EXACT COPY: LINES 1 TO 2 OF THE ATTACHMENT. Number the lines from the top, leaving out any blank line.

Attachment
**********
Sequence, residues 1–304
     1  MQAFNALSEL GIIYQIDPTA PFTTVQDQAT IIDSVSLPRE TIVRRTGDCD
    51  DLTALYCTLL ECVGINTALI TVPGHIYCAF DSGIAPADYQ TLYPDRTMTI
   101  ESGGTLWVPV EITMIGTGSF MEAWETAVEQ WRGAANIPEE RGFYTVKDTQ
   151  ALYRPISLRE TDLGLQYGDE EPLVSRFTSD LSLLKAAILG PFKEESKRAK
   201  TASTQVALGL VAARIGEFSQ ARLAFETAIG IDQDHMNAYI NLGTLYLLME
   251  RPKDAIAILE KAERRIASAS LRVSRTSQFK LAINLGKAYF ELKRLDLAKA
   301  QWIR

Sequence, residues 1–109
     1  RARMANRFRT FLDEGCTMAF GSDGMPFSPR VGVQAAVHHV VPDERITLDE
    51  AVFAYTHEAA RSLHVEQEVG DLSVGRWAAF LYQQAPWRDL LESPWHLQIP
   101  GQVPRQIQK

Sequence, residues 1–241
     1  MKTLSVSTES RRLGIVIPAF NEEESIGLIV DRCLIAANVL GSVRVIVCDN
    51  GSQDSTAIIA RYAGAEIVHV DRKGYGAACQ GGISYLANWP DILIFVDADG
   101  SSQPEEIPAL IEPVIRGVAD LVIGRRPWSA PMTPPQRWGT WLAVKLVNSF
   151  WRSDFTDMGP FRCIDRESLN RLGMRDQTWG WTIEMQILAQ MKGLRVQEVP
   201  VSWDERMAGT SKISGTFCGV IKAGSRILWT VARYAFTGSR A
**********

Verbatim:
Sequence, residues 1–304
     1  MQAFNALSEL GIIYQIDPTA PFTTVQDQAT IIDSVSLPRE TIVRRTGDCD